Superman: American Alien #1

Superman: American Alien #1

Writer: Max Landis Artist: Nick Dragotta Publisher: DC Comics Release Date: November 11, 2015 Cover Price: $3.99 Critic Reviews: 28 User Reviews: 29
8.3Critic Rating
9.1User Rating

Hollywood screenwriter and Eisner Award nominee Max Landis (Chronicle, American Ultra, ADVENTURES OF SUPERMAN) joins forces with top comics artists including Jock, Francis Manapul and Jae Lee to bring you SUPERMAN: AMERICAN ALIEN, a 7-issue miniseries chronicling the life of Clark Kent and his development into the archetypal hero he will eventually become. But these are not the stories of the iconic Superman as you know him, but of the soft-spoken, charming, often-funny Kansas farm-boy behind the Man of Steel. With the tone of each issue ranging from heartwarming and simple, to frighteningly gritty and violent, to sexy, sun-kissed and funny, SUPERMAN: AMERICAN ALIEN is unlike anything youve seen before.In this first issue, superstar artist Nick Dragotta (East of West, Fantastic Four) illustrates the story of Jonathan and Martha Kent as they struggle to deal with their 12-year-old sons latest quirkhes been floating up into the air, sometimes hundreds of feet!

  • 10
    Comic Book Resources - Jim Johnson Oct 16, 2015

    Landis, Dragotta and Guimares tell a beautiful and delightful tale about a key segment in the life young Clark Kent. A single illustration by Matthew Clark and Rob Schwager at the end of the issue is ripe with insight into the history of the Kents, which both deserves reader scrutiny and contains some curious oddities that demand future explanation. If you're worried "Superman: American Alien" #1 is just another version of Superman's origin, don't be -- it's even better. Read Full Review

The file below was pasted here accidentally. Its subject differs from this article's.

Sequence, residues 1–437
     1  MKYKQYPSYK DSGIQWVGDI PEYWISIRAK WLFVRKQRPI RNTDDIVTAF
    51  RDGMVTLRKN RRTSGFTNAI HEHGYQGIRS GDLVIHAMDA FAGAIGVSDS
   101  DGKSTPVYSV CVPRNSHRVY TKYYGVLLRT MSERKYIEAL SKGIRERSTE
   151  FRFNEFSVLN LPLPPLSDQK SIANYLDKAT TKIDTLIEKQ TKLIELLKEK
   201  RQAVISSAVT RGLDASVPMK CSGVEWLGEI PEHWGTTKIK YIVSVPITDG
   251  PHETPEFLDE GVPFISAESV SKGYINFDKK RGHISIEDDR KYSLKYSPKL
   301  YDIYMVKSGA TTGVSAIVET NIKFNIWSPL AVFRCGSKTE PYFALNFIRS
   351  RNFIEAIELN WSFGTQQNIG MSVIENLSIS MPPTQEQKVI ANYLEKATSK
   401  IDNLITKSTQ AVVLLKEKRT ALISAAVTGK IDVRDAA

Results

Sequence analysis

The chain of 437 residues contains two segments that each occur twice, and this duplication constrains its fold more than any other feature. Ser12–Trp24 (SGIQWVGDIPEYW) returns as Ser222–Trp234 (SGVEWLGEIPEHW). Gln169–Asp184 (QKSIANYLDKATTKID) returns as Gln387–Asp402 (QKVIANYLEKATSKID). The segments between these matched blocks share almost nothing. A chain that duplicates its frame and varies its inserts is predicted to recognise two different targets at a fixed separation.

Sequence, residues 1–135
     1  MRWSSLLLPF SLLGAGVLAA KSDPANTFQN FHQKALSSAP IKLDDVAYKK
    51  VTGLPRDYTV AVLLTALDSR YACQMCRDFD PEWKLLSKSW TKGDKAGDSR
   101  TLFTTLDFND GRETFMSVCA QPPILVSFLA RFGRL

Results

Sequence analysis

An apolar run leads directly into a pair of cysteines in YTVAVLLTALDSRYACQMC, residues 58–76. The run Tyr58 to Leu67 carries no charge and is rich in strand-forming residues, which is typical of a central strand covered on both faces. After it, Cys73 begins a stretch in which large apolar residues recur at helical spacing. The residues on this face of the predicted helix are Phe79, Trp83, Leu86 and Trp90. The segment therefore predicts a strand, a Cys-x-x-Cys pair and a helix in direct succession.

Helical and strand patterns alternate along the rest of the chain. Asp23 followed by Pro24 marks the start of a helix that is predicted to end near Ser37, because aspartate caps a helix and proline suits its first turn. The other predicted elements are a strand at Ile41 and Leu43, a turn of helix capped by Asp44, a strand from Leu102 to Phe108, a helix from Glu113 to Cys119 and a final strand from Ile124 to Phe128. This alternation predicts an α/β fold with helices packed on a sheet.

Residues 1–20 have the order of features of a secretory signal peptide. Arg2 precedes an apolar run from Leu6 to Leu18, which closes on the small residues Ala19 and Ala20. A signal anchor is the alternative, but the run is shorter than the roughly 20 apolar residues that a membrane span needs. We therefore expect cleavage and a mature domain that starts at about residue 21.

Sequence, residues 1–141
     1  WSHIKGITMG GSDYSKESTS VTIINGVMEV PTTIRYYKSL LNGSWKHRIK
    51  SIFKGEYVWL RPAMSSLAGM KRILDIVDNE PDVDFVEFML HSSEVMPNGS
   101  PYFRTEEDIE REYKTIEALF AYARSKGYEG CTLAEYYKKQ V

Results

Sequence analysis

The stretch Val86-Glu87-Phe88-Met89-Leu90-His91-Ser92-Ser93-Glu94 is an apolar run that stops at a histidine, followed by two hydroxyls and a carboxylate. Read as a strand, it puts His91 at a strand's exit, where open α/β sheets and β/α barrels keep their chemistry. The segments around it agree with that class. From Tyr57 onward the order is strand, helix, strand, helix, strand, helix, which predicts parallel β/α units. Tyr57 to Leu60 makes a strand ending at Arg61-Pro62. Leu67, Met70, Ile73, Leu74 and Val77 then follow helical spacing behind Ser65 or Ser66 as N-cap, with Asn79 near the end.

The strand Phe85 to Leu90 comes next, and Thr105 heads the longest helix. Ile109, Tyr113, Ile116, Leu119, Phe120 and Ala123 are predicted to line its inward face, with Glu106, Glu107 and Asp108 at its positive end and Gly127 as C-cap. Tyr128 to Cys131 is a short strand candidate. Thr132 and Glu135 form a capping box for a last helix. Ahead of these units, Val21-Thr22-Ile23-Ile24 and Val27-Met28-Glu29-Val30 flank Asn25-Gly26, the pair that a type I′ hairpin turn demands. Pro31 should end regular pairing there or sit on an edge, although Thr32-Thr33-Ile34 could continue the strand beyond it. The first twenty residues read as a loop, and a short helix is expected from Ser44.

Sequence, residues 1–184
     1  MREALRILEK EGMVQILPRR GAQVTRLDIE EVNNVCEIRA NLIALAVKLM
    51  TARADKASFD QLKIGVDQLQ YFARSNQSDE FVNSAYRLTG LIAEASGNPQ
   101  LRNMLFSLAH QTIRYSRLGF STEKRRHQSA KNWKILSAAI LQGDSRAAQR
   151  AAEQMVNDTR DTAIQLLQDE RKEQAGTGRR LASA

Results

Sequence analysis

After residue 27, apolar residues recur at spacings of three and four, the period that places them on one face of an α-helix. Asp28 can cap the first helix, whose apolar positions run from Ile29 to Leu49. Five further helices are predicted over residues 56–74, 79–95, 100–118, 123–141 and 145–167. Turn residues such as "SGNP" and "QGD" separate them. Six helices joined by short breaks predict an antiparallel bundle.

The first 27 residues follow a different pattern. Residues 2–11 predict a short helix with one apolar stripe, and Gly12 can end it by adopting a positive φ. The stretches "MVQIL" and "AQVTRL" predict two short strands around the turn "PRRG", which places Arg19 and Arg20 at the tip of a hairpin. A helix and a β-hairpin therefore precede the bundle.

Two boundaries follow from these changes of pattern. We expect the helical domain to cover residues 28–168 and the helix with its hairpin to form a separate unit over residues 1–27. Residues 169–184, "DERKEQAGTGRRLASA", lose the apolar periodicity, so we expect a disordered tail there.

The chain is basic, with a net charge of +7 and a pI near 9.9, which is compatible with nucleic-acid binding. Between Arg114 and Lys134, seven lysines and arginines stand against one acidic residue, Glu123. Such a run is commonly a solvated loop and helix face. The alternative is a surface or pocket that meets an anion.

• 10
    Comic Vine - Tony 'G-Man' Guerrero Nov 11, 2015

    Despite already knowing how Clark's childhood story ends, Landis, Dragotta, and Guimares are making this a fascinating read. We all know the story but we're getting to see what it was like for Clark, as a child, to go through the changes of his emerging powers along with the insecurities and fears he had to deal with. If you're looking to just escape and see an early chapter of Superman's life, this is definitely worth checking out. You'll be reminded why you love Superman so much. Read Full Review

  • 10
    Comic Crusaders - Dawn of Comics Nov 16, 2015

    I have to admit, I'm not the biggest Superman fan, I find him a little dull because he is so powerful. But seeing this version, this young boy learning that being different can be a good thing and learning that actions have consequences at such a young age, it shows not only why he became the man he is today, but how! I absolutely loved it. Read Full Review

  • 10
    Comic Spectrum - Shawn Hoklas Nov 20, 2015

    Nick Dragotta's art style is a perfect fit for this story and his lines have such movement and grace to them. He has a more cartoony style which adds to the charm and child like innocence of Clark, and lends itself to the small town setting. I loved the facial expressions throughout this book and the looks that take place between Clark, Martha and Jonathan are both subtle and exaggerated throughout the book, always matching the mood and tone of the scene. Superman: American Alien is a must read for Superman and non-Superman fans alike, it can help remind you why people like Superman! Read Full Review